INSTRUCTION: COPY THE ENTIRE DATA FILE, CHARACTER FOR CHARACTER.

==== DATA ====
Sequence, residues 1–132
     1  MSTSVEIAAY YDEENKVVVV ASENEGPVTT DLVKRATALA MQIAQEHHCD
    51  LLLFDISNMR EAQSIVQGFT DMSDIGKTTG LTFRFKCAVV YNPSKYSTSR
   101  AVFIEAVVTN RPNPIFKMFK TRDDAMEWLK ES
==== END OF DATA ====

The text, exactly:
Sequence, residues 1–132
     1  MSTSVEIAAY YDEENKVVVV ASENEGPVTT DLVKRATALA MQIAQEHHCD
    51  LLLFDISNMR EAQSIVQGFT DMSDIGKTTG LTFRFKCAVV YNPSKYSTSR
   101  AVFIEAVVTN RPNPIFKMFK TRDDAMEWLK ES